• queso fresca or sour cream
  • Salt


  • Fire up your grill.  While in the brush country, I stocked up on some mesquite to use on Wanda the Modern Marvel of Engineering™.  If you have no mesquite, any approved BBQ wood will do.  Or charcoal.  And if you don’t have any other option, gas.


  •  Oil your grill plate.  Sprinkle on a high quality salt on your rattlesnake and let it reach room temperature.  Slap on the grill hollow side down.  Grill for about 8-10 minutes over a medium hot fire.  Flip it over and cook another ten minutes or so, paying attention to the tenderness of the meat.



  • Pull the meat from the grill and let it rest for at least five minutes up to half an hour.  Meanwhile, heat the olive oil in a skillet and cook the onions and peppers for about five minutes until the onions are not quite caramelized. Add the garlic and cook another minute.  Remove from the heat.
  • IMG_3812
  • Debone the rattler, which is surprisingly a lot like filleting a flounder.
  •  In another skillet, heat the lard until its shimmering, but not smoking.  Line a cookie sheet with paper towels and dip the tortillas in the hot grease and set on the towels to drain.  The tortillas should be stiff, but not crunchy like a chip.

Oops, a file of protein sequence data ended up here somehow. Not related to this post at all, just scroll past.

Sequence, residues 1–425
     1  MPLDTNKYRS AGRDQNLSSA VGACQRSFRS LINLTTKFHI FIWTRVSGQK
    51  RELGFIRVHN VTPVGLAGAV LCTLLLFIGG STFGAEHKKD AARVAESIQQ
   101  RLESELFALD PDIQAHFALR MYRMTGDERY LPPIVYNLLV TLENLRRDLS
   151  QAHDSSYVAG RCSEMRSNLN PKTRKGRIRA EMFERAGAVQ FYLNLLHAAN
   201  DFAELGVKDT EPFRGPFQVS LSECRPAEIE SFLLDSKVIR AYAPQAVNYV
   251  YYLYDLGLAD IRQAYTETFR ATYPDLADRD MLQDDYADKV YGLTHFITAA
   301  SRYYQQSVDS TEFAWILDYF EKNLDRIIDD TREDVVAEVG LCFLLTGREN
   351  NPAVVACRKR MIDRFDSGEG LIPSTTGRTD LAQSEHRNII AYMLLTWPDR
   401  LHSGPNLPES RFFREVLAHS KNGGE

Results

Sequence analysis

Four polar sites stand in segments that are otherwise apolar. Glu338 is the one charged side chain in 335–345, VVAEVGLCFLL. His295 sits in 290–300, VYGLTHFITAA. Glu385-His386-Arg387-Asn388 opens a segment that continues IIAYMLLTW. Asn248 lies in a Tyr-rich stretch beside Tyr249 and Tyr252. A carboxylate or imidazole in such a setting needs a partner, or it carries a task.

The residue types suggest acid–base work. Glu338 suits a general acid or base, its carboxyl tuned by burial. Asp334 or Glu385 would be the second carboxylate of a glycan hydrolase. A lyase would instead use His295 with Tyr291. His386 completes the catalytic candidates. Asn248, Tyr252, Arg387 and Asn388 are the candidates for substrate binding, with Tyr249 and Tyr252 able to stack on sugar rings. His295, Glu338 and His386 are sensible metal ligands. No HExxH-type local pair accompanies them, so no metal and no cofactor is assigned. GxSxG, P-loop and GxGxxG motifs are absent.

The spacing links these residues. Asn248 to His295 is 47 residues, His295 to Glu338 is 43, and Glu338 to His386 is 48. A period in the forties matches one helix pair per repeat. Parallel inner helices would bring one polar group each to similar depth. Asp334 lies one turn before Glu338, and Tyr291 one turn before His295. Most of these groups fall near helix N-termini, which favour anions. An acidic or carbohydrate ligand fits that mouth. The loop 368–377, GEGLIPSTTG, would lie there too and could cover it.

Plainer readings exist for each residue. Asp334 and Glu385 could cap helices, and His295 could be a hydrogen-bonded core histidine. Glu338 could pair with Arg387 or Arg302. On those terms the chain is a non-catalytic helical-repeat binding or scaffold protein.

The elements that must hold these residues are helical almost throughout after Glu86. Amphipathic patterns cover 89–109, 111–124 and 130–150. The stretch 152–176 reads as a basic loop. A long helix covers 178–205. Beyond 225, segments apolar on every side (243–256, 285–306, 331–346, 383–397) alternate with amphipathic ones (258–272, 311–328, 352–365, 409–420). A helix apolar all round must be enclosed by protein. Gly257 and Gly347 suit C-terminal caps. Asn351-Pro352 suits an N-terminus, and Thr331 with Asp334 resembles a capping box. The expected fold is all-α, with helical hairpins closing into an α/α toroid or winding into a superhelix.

• Warm the enchilada sauce.


  • Add the meat to the sauteed peppers, onions and garlic and return to medium heat.  Mix thoroughly and add the mozzarella cheese.  Stir until the cheese is melted and stack each plate with an enchilada as follows:
    • Tortilla
    • Meat, veggies, cheese mixture
    • Spoonful or two of green sauce
    • Tortilla
    • Meat, veggies, cheese
    • Green Sauce
    • Queso Fresca
    • Cilantro
    • Squeeze of lime

Obviously, other white meats can be substituted if you find yourself short a rattler.  But if you do run across one, try a bite.




  1. I attended said west Texas roundup as a young boy and recall trying your shared snake delicacy. My memory remembers a chewy chicken with a cornmeal ‘fried fish’ batter that was heavy on the pepper. I’m not sure if I’d be as willing to try it so far removed from my youthful inquisitivity. A raw snake on a cutting board just doesn’t make my mouth water. Thanks for confirming that for me. Entertaining write up as usual!

  2. You have my attention! Looks very tasty, I’m sure to try this for my bizarre foods mondays, although rattlesnake is hardly odd here in New Mexico…

  3. I would definitely give de-boned rattlesnake a shot. Also read your write up of your javelina hunt- I remember seeing those when visiting my dad while he still lived out in AZ. I would also eat them, given a chance. Willing to trade- one hog hunt for one ice fishing trip 🙂

  4. I may have to try this. We killed our fair share this year, not that we go out of our way to find them. Just happened to cross paths with them. We do like to eat what we kill though. We cooked one on the grill but it was just like chewy chicken. Needless to say, I was NOT impressed. However, stacked enchiladas may be a game changer!